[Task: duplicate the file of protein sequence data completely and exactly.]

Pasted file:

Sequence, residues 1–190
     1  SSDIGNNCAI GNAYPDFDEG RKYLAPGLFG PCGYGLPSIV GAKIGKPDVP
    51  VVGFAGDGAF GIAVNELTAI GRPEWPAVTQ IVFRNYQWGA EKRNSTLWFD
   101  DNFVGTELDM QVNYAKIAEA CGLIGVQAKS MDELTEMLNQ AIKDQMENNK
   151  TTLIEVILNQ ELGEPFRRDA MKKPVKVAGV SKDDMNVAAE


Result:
Sequence, residues 1–190
     1  SSDIGNNCAI GNAYPDFDEG RKYLAPGLFG PCGYGLPSIV GAKIGKPDVP
    51  VVGFAGDGAF GIAVNELTAI GRPEWPAVTQ IVFRNYQWGA EKRNSTLWFD
   101  DNFVGTELDM QVNYAKIAEA CGLIGVQAKS MDELTEMLNQ AIKDQMENNK
   151  TTLIEVILNQ ELGEPFRRDA MKKPVKVAGV SKDDMNVAAE